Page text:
At 10:40AM on the dot, our 5-a-side football team is on its way to court with SHJ. I happen to be walking next to Apurva, which is a boon and a bane. A boon because Apurva is unaffected by what time of day it is when it comes to making conversation. I, on the other hand, can be rather quiet in the morning. This ability of Apurva’s ensures that there is never an awkward silence. Sometimes I don’t even realise when she has gone from talking about her matter before a court to her holiday plans. Seamless. What is not seamless however, is that while she is sharing her holiday plans, she has narrowly avoided, by a whisker, an oncoming truck and two bikers. I am not sure I am as well equipped to deal with near-injury causing events.
We are now approaching the entrance to the High Court premises. I cannot help but be filled with awe every time I enter this holy grail. As a lawyer that has had the good fortune of starting my practice in this court, I often take for granted the value and prestige of the High Court of Judicature at Bombay. This is the court of Seervai and Palkhivala, of MC Chagla and Bhulabhai Desai, to name a few. Six Chief Justices of India started their practice here. As have several Attorney-Generals and Solicitor-Generals of India. Kesavananda Bharti was argued by counsel from this court. The High Court building itself befits the grandeur of the institution. One need only observe the beauty of the passages, the detail in the design, the intricacy in the carvings, and the manner in which it stands out among its peers, to recognise this.
But I digress.
SHJ finishes his mentioning before Justice Colabawalla, and heads towards Justice Chagla’s court. Serial №6 is being heard over there and the attorneys are frantically looking for SHJ. But just as Serial №7 is called out, SHJ arrives. It’s clockwork. We remain in courtroom 16B for another half an hour. SHJ finishes two ad-interim matters there. He has a fixed matter at 12:30 before Justice Kathawalla, and is 10 matters away before Justice Jamadar. So he starts to walk to the far end of the court. It’s going to be either the library or the Bombay Bar Association room.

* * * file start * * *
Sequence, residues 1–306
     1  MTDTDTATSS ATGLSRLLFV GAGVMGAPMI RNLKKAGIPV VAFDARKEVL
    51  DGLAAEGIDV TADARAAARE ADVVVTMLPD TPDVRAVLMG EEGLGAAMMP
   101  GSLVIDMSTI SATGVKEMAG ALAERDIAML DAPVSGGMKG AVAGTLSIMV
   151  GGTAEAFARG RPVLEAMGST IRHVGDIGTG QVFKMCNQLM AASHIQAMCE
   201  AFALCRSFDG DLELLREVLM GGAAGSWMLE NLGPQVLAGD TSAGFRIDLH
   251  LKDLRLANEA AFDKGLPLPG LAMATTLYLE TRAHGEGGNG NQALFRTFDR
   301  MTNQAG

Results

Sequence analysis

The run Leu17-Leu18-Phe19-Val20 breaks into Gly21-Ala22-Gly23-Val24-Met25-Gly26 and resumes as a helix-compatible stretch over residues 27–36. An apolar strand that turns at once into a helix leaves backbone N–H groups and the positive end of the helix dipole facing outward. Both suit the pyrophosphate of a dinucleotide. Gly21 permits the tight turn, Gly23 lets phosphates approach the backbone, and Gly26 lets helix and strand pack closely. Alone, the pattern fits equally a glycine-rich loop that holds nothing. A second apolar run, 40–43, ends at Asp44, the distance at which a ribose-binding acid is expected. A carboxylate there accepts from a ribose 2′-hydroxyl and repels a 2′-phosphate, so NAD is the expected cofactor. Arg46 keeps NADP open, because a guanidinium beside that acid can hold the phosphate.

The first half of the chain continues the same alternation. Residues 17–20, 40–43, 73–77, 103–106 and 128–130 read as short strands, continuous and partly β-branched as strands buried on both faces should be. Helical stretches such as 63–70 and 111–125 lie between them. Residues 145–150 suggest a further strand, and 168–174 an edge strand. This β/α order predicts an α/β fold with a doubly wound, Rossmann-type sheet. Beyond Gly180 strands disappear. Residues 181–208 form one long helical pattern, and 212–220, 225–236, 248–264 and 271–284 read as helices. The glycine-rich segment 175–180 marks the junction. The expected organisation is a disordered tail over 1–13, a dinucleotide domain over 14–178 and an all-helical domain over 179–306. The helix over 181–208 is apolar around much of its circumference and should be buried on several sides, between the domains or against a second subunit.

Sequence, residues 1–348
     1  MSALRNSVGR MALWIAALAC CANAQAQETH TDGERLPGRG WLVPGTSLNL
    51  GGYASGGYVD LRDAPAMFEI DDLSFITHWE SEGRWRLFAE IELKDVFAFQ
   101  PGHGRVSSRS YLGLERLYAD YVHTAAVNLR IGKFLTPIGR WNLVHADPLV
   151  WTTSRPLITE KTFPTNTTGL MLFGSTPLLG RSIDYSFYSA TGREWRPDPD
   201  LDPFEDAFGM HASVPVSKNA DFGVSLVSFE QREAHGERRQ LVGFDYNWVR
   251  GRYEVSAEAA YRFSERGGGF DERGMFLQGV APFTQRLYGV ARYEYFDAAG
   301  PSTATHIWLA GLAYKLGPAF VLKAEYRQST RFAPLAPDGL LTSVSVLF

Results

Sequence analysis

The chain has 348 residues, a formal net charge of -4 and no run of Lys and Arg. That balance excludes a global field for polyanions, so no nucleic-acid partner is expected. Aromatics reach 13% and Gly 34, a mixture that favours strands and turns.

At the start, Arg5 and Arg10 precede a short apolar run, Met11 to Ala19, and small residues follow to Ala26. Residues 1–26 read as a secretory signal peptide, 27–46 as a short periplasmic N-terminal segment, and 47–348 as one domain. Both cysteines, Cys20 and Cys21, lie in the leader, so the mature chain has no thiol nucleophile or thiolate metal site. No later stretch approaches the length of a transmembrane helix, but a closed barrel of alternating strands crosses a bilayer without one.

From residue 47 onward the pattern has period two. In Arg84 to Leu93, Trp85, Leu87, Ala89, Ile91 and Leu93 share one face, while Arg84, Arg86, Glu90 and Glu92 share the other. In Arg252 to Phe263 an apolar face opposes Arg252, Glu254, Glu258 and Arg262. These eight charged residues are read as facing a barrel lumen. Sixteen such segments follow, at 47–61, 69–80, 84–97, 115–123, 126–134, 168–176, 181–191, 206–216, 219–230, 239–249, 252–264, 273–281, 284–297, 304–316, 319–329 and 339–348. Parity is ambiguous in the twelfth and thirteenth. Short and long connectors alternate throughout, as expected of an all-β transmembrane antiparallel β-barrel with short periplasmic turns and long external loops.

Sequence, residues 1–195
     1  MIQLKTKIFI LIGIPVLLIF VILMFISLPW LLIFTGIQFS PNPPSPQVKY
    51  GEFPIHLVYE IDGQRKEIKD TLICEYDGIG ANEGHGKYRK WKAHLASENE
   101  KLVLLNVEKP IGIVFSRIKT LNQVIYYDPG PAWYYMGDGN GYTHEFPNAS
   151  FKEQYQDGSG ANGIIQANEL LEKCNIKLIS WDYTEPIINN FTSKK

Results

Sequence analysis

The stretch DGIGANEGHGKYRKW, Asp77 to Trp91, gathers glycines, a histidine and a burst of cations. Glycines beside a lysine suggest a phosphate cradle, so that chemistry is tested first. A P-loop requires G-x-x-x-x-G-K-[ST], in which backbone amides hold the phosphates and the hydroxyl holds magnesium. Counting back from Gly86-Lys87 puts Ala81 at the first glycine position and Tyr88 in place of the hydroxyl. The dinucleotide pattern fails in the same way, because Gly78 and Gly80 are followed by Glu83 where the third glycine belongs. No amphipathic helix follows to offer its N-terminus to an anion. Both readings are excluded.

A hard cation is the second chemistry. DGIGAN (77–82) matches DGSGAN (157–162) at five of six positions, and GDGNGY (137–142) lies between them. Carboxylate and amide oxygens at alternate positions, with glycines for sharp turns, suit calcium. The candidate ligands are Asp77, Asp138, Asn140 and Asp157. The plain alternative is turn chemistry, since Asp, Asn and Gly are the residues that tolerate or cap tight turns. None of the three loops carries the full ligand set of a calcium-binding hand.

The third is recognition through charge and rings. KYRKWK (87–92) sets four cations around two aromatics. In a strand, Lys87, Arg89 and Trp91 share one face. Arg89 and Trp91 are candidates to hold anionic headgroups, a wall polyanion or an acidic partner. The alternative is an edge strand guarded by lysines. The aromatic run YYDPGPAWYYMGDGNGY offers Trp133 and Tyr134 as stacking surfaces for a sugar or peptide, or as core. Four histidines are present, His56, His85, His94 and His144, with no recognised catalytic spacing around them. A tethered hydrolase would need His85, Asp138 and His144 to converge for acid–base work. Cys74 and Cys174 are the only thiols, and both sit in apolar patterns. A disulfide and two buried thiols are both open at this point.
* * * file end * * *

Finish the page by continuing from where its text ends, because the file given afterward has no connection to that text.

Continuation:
Just then, I hear a familiar sound. It’s my stomach grumbling. Owing to the morning rigmarole, I have once again forgotten to eat breakfast. I sprint back to chambers and stuff myself with a chutney sandwich and poha. As I am making my way back up the staircase in chambers, I feel something strange happening. The wind is picking up. I notice the leaves outside swirling. Through a cloud of dust, I see a figure approaching chambers, backpack strapped on, aviator sunglasses firmly in place. It’s Vishal. Vishal strutting in at 12PM on Friday in this avatar can mean only one thing — he has had, as the English would say, a ‘banger’ of a Thursday night. We greet each other. Actually, no. I greet him. He walks past me and heads straight for his desk in the basement.